Shaun Roche is the Visitor Services Manager at the Stewart B. McKinney National Wildlife Refuge where he focuses on education and outreach. Shaun grew up in Waterbury and attended Central Connecticut State University where he earned bachelor’s and master’s degrees in public history. He worked for the National Park Service at the Sagamore Hill National Historic Site in Oyster Bay, New York for more than six year before transferring to the Fish and Wildlife Service and coming back to Connecticut in 2011.

This program is free and open to the public. For more information or to register, please call the Essex Library at 860-767-1560. The Essex Library is located at 33 West Avenue in Essex.

DDdigitalFriday, January 12 at 7 p.m. in The Cube at Centerbrook Architects

In recent years, the effort to use native plants has become a subject of such great controversy among the landscape architecture community that it’s become something of a flashpoint, a source of such disagreement that merely hearing the words ‘native’ and ‘plants’ in the same sentence can cause reasonable, seasoned professionals to curl their lips in disdain.  New York Landscape Designer Diana Drake hopes to use this opportunity to share why she considers it important, from an ecological standpoint, to use native plants, and to talk about some of the differences inherent in designs that take advantage of using them.

Diana Drake has worked as a landscape designer for two decades, managing large and small public projects with the firms of Judith Heintz Landscape Architecture and Wallace Roberts & Todd in New York City, specializing in selecting the best-suited plants for outdoor spaces, whether campus, park, public plaza, rooftop garden or residential property.  Since 2013 she’s been working cooperatively with Judith Heintz and Napat Sitisara as sassafras55. Her commitment to using native plant species deepened as she taught planting design at Columbia University with Darrel Morrison, adding to her earlier stint at the Center for Plant Conservation, and her hands-on training at Harvard’s Arnold Arboretum.  With sassafras55, Ms. Drake currently is involved with the all-native plantings of East Midtown Plaza in Manhattan, the Queens Borough Municipal Parking Field, and the Kearny Point Industrial Park Landscape in New Jersey. Throughout this entire period, she’s been learning first-hand via her experiments in her garden lab in Old Lyme. She holds a Masters in Landscape Architecture from Harvard Graduate School of Design.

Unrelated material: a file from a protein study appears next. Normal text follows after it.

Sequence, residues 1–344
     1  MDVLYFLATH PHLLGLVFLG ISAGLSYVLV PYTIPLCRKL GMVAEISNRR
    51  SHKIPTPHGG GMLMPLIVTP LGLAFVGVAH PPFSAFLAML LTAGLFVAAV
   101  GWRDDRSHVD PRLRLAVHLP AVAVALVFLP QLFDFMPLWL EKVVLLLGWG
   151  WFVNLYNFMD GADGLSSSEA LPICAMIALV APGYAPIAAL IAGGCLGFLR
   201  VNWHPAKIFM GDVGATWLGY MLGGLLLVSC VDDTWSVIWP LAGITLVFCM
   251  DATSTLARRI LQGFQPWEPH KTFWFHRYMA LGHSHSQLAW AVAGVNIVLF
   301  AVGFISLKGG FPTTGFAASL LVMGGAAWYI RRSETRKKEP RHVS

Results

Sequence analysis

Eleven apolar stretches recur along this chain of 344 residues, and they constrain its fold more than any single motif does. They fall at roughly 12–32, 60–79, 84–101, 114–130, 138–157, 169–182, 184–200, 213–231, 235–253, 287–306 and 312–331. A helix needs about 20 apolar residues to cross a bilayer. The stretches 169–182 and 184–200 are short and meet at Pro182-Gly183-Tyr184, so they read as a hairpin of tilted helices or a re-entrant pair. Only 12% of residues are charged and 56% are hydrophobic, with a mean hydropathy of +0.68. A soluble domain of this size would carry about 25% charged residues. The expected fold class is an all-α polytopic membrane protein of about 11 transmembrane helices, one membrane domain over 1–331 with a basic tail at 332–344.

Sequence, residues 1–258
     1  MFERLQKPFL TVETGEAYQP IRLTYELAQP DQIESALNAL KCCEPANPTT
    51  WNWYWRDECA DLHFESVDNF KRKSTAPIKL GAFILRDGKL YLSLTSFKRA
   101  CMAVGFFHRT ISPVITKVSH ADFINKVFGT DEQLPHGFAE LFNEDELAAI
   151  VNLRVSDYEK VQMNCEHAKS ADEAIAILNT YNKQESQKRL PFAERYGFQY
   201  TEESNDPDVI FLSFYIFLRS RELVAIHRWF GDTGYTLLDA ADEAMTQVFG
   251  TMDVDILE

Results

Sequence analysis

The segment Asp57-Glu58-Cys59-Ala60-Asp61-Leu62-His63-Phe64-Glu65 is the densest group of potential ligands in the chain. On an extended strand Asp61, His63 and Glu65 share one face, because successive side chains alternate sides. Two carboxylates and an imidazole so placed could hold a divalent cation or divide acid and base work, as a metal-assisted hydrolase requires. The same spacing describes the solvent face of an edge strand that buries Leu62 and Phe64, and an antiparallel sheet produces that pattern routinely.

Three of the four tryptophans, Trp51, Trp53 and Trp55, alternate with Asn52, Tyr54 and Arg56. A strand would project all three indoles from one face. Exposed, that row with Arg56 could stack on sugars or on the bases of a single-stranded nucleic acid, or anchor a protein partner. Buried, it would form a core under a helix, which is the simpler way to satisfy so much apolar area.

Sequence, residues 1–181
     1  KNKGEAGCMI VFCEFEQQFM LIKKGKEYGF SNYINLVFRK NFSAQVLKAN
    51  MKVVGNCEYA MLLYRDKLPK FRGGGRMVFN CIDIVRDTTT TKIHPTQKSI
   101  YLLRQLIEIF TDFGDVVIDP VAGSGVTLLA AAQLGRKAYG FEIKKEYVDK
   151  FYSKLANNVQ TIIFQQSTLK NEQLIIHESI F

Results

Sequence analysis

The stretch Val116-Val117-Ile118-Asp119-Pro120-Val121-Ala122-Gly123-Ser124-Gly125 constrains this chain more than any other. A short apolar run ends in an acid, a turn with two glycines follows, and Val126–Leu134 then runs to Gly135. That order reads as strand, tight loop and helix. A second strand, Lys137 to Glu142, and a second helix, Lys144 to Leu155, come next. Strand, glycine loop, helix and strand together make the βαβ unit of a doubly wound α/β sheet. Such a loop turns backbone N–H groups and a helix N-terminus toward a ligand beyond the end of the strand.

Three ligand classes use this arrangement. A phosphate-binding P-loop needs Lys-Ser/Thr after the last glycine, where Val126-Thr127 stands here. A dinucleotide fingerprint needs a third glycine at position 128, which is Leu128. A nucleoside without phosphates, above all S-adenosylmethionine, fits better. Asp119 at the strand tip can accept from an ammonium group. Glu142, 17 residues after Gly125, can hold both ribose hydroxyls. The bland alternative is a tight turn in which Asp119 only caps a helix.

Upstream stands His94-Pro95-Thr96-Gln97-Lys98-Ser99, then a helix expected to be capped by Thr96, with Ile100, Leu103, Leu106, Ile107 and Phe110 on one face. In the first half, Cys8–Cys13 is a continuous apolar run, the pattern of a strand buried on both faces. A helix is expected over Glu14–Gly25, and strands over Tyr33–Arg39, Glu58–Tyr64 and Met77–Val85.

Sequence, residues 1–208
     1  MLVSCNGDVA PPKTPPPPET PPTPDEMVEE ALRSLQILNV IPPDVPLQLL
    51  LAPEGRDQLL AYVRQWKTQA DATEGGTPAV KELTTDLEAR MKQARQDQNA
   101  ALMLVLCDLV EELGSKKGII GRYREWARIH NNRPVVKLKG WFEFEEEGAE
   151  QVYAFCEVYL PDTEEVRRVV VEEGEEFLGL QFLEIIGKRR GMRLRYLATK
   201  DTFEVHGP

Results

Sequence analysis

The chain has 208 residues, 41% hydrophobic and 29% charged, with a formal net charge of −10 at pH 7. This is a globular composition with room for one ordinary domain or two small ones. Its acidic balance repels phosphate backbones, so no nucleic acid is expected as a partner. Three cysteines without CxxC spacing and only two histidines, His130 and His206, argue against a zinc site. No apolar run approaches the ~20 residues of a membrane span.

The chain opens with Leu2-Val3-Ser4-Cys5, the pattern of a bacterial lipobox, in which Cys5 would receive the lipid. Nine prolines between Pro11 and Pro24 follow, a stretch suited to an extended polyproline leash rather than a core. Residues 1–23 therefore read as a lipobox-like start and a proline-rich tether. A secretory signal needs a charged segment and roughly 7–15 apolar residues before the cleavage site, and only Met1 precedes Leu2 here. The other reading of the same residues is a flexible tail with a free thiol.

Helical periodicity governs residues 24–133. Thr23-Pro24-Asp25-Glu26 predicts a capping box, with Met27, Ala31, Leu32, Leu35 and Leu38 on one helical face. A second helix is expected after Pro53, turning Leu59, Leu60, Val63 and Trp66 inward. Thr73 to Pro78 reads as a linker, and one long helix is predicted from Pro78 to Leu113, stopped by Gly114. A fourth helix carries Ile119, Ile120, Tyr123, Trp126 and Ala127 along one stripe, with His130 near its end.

This Essex Library program is free and open to the public. Centerbrook Architects is located at 67 Main St. in Centerbrook. Please call the Library at 860 767-1560 to register or for more information.

bobcatimage

Wednesday, May 3rd at 7 p.m.
Connecticut Master Wildlife Conservationist Paul Colburn returns to the Essex Library to offer a presentation on “The Bobcat: Connecticut’s Secretive Wild Cat.” Paul Colburn brings the elusive bobcat out of the shadows. This presentation focuses on the natural history of bobcats in Connecticut, providing an overview of bobcat habitat, diet, behavior, reproduction, and current research efforts.  The topic of mountain lions is also addressed, and bobcat artifacts will be on display.

This program is free and open to all. Please call the Library to register.